Unbanning a banned word

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The July/August issue of the APA's journal, Monitor, contains a report about that organization's amicus brief to the California Supreme Court concerning that state's ban on same-sex marriage. Citing this brief, the Court has now ruled 4 to 3 that restricting marriage to opposite sex couples violates California's constitution. The word, "marriage," formerly banned from use by a selected group of couples, is now unbanned.

California's legislature had already passed other state laws favoring the same-sex partners', rights, benefits, and obligations. It considered these the same as those of opposite-sex partners (except for Social Security and Medicare benefits). The issue in this recent case was about the right to be allowed to use one word–"married." Same-sex couples could not be married in name because that word was restricted to opposite sex couples. Among other things, the Supreme Court ruling cited the APA's amicus brief about the stigma of denying them the right to use the word, which  indicated that their relationship was less valuable. Denying them the right to use the word meant that they can't exercise their constitutional rights under equal protection of the law. In short, it was discriminatory, in much the same way that we consider discrimination by race, religion, age, and other classifications.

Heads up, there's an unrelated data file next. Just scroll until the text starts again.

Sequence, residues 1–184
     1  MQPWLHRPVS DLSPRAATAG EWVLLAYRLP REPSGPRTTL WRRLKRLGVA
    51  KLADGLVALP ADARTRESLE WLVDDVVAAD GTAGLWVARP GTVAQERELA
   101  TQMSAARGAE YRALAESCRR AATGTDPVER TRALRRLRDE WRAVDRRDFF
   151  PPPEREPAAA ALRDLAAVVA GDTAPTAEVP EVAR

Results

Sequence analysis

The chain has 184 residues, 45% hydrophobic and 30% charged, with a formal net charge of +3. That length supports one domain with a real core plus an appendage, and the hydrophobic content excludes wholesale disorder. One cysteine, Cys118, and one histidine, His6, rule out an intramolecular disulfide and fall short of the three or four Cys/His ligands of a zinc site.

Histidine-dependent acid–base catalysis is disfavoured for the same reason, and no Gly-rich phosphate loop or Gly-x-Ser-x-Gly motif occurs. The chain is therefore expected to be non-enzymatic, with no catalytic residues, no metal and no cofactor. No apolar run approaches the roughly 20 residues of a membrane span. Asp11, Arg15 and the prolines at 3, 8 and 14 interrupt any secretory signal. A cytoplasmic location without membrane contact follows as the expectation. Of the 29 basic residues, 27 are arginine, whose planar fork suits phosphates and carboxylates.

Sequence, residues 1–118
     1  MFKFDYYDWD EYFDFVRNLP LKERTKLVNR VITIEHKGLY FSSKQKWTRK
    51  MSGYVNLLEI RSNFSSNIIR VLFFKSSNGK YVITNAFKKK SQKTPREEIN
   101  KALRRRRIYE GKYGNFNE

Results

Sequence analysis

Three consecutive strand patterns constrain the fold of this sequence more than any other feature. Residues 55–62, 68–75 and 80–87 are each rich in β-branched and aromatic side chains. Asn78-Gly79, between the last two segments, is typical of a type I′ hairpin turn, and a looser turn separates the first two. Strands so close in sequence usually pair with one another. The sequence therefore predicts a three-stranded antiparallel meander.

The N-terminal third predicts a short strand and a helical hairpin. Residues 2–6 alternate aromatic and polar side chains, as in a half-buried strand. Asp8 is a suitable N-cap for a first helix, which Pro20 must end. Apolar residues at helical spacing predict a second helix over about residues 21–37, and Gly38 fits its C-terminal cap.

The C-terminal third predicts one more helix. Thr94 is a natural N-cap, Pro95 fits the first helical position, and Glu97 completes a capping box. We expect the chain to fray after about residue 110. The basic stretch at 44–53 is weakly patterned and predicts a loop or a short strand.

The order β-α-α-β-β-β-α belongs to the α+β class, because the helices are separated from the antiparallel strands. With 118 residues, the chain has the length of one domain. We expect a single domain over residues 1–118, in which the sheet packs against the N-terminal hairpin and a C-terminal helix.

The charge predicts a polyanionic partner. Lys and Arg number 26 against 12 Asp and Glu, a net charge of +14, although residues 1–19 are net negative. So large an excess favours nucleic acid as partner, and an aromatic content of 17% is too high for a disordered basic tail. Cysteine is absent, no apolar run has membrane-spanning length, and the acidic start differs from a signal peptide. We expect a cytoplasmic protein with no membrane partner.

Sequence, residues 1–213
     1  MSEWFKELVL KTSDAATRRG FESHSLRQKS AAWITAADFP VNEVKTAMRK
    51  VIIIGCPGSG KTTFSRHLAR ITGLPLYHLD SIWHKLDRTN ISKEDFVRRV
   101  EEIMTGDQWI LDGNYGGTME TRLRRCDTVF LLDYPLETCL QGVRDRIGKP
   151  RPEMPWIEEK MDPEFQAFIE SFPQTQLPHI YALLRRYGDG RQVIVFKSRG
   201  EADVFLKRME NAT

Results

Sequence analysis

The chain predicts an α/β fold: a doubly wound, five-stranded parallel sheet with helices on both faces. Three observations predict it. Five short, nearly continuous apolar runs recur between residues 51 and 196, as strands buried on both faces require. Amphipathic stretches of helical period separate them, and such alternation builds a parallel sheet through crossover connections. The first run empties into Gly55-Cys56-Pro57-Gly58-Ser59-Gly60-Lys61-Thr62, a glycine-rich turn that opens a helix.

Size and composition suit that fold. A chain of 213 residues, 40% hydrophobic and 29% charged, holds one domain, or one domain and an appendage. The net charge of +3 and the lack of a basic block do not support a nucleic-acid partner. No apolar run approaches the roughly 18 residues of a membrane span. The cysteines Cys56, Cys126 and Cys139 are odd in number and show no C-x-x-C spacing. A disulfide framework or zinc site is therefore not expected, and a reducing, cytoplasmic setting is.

So the Court's decision means that same-sex couples are now free to use the word, "marriage," to describe their relationship.  California voters also will get a chance to amend the constitution about three months from now.  Meanwhile, the Court's ruling will  continue, unless the voters decide to preserve the old ruling that same-sex couples are banned from using the word, "marriage." In recent years, California has twice passed legislation granting same-sex couples the right to call themselves "married," only to have it vetoed by the governor, who based his decision on his belief that it violated the state's constitution. But now the Supreme Court has decided this for him.

If there was ever any doubt about the importance and power of words, this case should put it to rest. 

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